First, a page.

• Mighty Morphin' Season 1, where Goldar, Scorpina, and the Green Ranger work together to take down the Megazord. Some monsters such as Cyclopsis, Samurai Fan Man, the Frankenstein Monster, and Mutitis would also hand these out to their zords, including the stronger formations. For example, the Dragonzord in Battle Mode could do little more than make the Samurai Fan Man lose his balance, the finisher was actually used not to win, but to free a trapped Kimberly so they could form the Ultrazord. Special mention goes to the Frankenstein battle, however, no hit they landed did any real damage except the Dragonzord Battle Mode finisher. The rest of the battle is him punching, kicking, throwing, ramming with his shoulder, returning energy blasts, and smashing with his ball meteor-hammer. At a few points, more sparks came out of Megazord than a July 4 fireworks display. However in Kyōryū Sentai Zyuranger, their special weapons were able to break his bolt and chain weapon when they they aimed at one spot and kept firing, it didn't hurt him but definitely surprised him. Oh and that Dragonzord Battle Mode finisher? He just absorbed the energy and used it to upgrade himself into the even stronger, more mobile Zombie Franke, known in the US as Mutitis, who also delivered a no-holds-barred beatdown on their zords.
    • In Season 2, there was Silverhorns, a super powerful tick monster fighting the zords. The fact that it was Rocky's first battle as a Power Ranger combined with the monster's immense power made this an easy victory for Silverhorns who battled the Red Dragon Thunderzord. The best that Rocky got in was a surprise attack that made him lose his balance, but for the remainder of the battle we saw the tick monster wipe the floor with the zord. In fact at times he would LET Rocky attack just to laugh at it before unleashing a random brutal attack of his own. Even the finisher, which killed several monsters in the past was just laughed off. However, Silverhorns toying with him cat and mouse style ended up being his downfall as reinforcements arrived, they formed the Thunder Ultrazord which flattened the giant tick.
      • Rito and his band of four old resurrected monsters sprung a surprise trap on the zords; rather than being destroyed cartoonishly, the zords after taking some vicious beatings fell apart piece by piece.
    • Power Rangers in Space has the Psycho Rangers. Not only were they tougher than the Rangers one on one for the most part, there was more of a brutal viciousness to their fighting style not seen in most of the 'pretty' acrobatic martial arts fights. On top of that, there's their green lightning attack - most such attacks would send the Rangers flying back with the familiar spark burst, but this was extended Electric Torture that left the heroes able to do little more than scream and writhe, and they were barely able to stand even after Astronema teleported the Psychos back.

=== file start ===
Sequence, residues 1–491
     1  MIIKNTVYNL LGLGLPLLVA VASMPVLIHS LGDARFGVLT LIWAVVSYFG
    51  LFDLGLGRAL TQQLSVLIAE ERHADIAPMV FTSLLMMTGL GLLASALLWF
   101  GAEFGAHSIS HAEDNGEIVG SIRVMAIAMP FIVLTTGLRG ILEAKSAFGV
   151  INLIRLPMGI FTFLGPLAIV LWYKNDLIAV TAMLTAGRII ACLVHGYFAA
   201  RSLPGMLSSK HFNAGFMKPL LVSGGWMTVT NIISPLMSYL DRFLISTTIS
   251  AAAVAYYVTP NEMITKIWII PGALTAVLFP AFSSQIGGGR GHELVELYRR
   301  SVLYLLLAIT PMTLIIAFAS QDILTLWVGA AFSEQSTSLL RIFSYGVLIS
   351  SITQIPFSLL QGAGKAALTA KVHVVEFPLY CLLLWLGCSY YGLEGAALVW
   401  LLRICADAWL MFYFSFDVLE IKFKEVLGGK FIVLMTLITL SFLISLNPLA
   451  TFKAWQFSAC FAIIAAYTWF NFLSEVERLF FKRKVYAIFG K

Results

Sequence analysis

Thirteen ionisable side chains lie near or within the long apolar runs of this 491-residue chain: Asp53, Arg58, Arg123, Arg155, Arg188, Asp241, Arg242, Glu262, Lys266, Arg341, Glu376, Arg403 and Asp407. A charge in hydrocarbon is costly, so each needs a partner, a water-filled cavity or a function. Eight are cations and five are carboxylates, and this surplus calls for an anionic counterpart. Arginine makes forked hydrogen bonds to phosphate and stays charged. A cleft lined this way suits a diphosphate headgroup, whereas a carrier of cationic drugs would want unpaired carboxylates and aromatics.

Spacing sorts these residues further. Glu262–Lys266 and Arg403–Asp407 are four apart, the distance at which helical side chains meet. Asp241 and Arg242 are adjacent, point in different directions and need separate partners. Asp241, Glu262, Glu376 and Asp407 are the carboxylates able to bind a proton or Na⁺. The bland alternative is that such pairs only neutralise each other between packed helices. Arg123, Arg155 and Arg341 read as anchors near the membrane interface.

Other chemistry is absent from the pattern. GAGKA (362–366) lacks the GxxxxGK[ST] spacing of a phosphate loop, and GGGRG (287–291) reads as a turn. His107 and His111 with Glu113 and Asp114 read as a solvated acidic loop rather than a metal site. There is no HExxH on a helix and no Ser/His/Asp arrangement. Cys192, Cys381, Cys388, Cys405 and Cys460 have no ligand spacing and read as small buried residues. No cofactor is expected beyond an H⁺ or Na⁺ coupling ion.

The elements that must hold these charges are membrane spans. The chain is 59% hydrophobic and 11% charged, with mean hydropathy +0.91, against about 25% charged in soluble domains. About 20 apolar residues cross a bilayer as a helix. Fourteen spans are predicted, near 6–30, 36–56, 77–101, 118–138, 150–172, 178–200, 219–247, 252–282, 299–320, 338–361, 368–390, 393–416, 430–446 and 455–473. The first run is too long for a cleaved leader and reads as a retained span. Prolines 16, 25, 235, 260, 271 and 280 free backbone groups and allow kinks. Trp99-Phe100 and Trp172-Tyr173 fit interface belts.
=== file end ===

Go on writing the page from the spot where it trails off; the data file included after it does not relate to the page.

• Special mention goes to Tankenstein, the last Monster of the Week the Space Rangers faced (though it was the Final Boss in Megaranger, a Humongous Mecha piloted by Dr. Hinelar). The Mega Voyager is absolutely trashed, and their finisher merely damaged his hand, which he re-healed anyway. The only reason this was even somewhat of a Pyrrhic Victory for the Rangers is because when they lucked out, catching his sword when he was busy showing off and stabbing him in the face, his impatience shone through. He chose to grab the Villain Ball when he grabbed the Mega Voyager and flew into space to self-destruct, in an attempt to end it right here, right now, to kill the Rangers. Had he seen the battle through to the end, it would have been much uglier.
      • It's different in Denji Sentai Megaranger, where, while the Grand Neziros wrecked the Mega Voyager, the Megarangers were able to counter due to its pilot suffering from exposure to the real world, as Dr. Hinelar had spent so much time in the Nezirejia dimension that returning to the real world was starting to twist and distort his form. That, and the Mega Voyager was at a percentage of its power when it fought the Grand Neziros. But it's implied that even if Mega Voyager had been at 100%, the Grand Neziros still would've won. The Megarangers win only by taking advantage of Hinelar at his weakest, and stabbing Grand Neziros in the head with its own sword. And Grand Neziros' attempt to self-destruct? Still intended to kill the Megarangers, but this time, Hinelar attempted to have the whole city destroyed by grabbing the Mega Voyager and keeping it still so nothing can stop the self-destruction. Had it not been for the Megarangers choosing to take the expiring Hinelar and Grand Neziros into orbit, Hinelar would've had the last laugh in destroying everything the heroes held dear.
  • In True Blood the semi-heroic Sam Merlotte gives a brutal beating to Crystal's meth-dealing daddy. In his own bar, in front of his regular customers. Who are, inevitably, horrified.
  • An example that led many people to guess he was the Big Bad for Season 1 of Veronica Mars was when Aaron Echolls beat the hell out of his daughter's abusive boyfriend. To the soundtrack's strains of "That's Amore." It was awesome, and yet hard to watch.
  • In VR Troopers, Grimlord's second in command Decimator would usually mop the floor with Ryan Steele in combat, but when Decimator seemingly mortally wounded Ryan's father, he found himself on the receiving end of one of these delivered by Ryan. A shocked Decimator fled after a brief "battle" on his go-kart.
  • There are at least two examples of this in the first season of The Walking Dead, and there aren't even any zombies around when they happen. For example, Shane gave one to Ed after he and the other women discovered him abusing Carol.
  • In The Wire, Michael asks Chris Partlow to kill his stepfather, Devar. Normally Chris carries out hits in a dispassionate manner, killing with a headshot. However, it's implied that Devar has sexually abused Michael, and upon hearing Devar admit to raping other inmates in prison (or at least, that's what Chris takes from it), Chris beats him to a bloody pulp, spitting on the corpse afterwards.
    • Most fans assumed because of this that Chris was also abused as a child. (This was later confirmed through Word of God.)


How well does it match the trope?

Example of:


Media sources: